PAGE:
What does Matthew 26:16 mean?
ESV: And from that moment he sought an opportunity to betray him.
NIV: From then on Judas watched for an opportunity to hand him over.
NASB: And from then on he looked for a good opportunity to betray Jesus.
CSB: And from that time he started looking for a good opportunity to betray him.
NLT: From that time on, Judas began looking for an opportunity to betray Jesus.
KJV: And from that time he sought opportunity to betray him.
NKJV: So from that time he sought opportunity to betray Him.
Verse Commentary:
The chief priests and elders have been plotting together at the home of the high priest about how to arrest and kill Jesus (John 11:53). They had decided to wait until after the Passover, to avoid causing an uproar among the crowds of people packed into Jerusalem for the celebration. The last thing they wanted were riots over this popular preacher and healer.

Now, a perfect opportunity has come along, causing them to risk moving up their timetable. One of Jesus' inner circle of twelve disciples, Judas Iscariot, has come to them and offered to deliver Jesus over to them. This is a meaningful offer, since the ancient world didn't have the advantages of photographs, cameras, or telephones to track someone like Jesus to a specific location. With Judas' help, they will be able to find and arrest Jesus in the middle of the night, far from the view of the crowds. This is the chance they have been waiting for.

Now it's up to Judas to find the perfect moment to betray his master. He has been paid his 30 pieces of silver. It will be up to him to follow through.
Verse Context:
Matthew 26:6–16 finds Jesus and the disciples in Bethany at the home of a man identified as "Simon the leper." A woman, likely Mary the sister of Lazarus, opens a bottle of extremely expensive ointment and anoints Jesus' head as He reclines at the table during dinner. The disciples think the ointment should have been sold and the money given to the poor, but Jesus insists she has done a beautiful thing that will prepare Him for burial. Judas then offers to turn Jesus over to the chief priests. They pay him 30 silver pieces, a price ironically associated with the cost of a common slave.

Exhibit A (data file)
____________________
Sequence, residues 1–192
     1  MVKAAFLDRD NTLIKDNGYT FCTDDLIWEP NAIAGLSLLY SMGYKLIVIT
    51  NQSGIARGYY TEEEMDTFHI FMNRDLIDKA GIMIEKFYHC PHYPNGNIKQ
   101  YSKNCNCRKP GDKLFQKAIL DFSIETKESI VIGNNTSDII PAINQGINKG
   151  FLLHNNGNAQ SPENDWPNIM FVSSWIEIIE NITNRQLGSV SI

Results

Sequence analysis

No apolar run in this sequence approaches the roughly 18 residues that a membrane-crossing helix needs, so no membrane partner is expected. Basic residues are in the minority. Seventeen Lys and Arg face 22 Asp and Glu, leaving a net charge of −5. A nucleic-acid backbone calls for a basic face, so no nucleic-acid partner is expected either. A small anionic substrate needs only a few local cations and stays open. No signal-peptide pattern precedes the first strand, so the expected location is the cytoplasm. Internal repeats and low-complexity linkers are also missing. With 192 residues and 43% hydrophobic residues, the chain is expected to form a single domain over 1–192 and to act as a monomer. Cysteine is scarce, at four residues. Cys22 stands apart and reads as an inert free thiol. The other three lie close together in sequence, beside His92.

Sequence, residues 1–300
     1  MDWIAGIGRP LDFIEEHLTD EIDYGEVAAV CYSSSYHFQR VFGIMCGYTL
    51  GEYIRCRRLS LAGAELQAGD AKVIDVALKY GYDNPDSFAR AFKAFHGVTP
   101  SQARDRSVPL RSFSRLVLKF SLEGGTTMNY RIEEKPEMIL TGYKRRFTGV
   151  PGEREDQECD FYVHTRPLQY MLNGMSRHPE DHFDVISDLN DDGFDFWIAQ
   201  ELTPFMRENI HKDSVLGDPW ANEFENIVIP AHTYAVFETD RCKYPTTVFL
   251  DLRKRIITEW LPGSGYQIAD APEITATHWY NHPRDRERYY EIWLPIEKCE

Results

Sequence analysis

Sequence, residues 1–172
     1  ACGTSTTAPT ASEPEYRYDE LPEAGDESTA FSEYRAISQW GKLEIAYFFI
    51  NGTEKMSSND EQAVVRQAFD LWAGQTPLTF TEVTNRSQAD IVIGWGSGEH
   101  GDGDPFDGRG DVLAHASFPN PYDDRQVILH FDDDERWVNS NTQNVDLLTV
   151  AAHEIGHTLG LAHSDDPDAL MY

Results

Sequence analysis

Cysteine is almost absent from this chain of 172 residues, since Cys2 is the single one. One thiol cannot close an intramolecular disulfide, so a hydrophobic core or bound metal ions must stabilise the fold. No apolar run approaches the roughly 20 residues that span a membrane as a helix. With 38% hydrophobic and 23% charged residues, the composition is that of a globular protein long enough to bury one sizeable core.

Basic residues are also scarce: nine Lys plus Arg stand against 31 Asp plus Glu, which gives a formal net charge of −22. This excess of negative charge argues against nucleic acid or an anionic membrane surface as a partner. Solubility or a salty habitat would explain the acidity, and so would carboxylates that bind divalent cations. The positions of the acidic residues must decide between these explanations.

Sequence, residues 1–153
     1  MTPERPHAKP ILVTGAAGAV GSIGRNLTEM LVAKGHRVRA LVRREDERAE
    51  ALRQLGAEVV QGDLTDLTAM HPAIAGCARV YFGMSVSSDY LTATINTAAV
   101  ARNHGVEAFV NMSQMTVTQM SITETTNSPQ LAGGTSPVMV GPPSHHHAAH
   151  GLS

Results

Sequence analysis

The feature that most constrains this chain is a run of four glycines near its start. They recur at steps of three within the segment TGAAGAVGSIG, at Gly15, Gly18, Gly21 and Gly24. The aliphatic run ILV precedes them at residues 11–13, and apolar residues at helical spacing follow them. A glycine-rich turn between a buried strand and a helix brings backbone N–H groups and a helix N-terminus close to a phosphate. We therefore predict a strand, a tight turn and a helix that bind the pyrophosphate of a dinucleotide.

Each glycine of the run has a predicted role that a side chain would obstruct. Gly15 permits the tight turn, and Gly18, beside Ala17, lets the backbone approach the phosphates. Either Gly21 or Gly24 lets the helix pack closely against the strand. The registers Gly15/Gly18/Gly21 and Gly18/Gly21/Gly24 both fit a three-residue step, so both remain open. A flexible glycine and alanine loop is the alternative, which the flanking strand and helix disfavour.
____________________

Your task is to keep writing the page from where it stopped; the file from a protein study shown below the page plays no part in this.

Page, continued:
Chapter Summary:
The Jewish religious leaders further their plots to arrest and kill Jesus, finding a willing traitor in Judas Iscariot. A woman anoints Christ with oil during a dinner at Bethany. Next, Jesus and the disciples hold the Passover meal in an upper room where Jesus predicts His arrests and introduces the sacrament of communion. Then Jesus prays in unimaginable agony in the garden of Gethsemane before being betrayed by Judas and captured. The disciples scatter. Before the high priest, Jesus explicitly claims to be divine. They convict Him of blasphemy and sentence Him to death. As this happens, Peter denies knowing Jesus and runs away in shame.
Chapter Context:
After a long series of teaching (Matthew 24—25), Matthew 26 begins with Jesus saying He will be delivered up for death. Christ is anointed at a dinner in Bethany and Judas agrees to turn Him over to the chief priests. Jesus holds a Passover meal with the disciples, predicts an act of treachery, and introduces the sacrament of communion. He tells the disciples they will run in fear and that Peter will deny Him, which happens just as prophesied. Christ prays in great sorrow in a garden and is then arrested and taken away and unfairly sentenced to death. After this, Jesus will be taken to the Roman governor, where Jewish leadership will press for Him to be executed as an insurgent.
Book Summary:
The Gospel of Matthew clearly shows the influence of its writer's background, and his effort to reach a specific audience. Matthew was one of Jesus' twelve disciples, a Jewish man, and a former tax collector. This profession would have required literacy, and Matthew may have transcribed some of Jesus' words as they were spoken. This book is filled with references to the Old Testament, demonstrating to Israel that Jesus is the Promised One. Matthew also includes many references to coins, likely due to his former profession. Matthew records extensive accounts of Jesus' teaching, more than the other three Gospels.
Accessed 5/27/2024 11:59:48 AM
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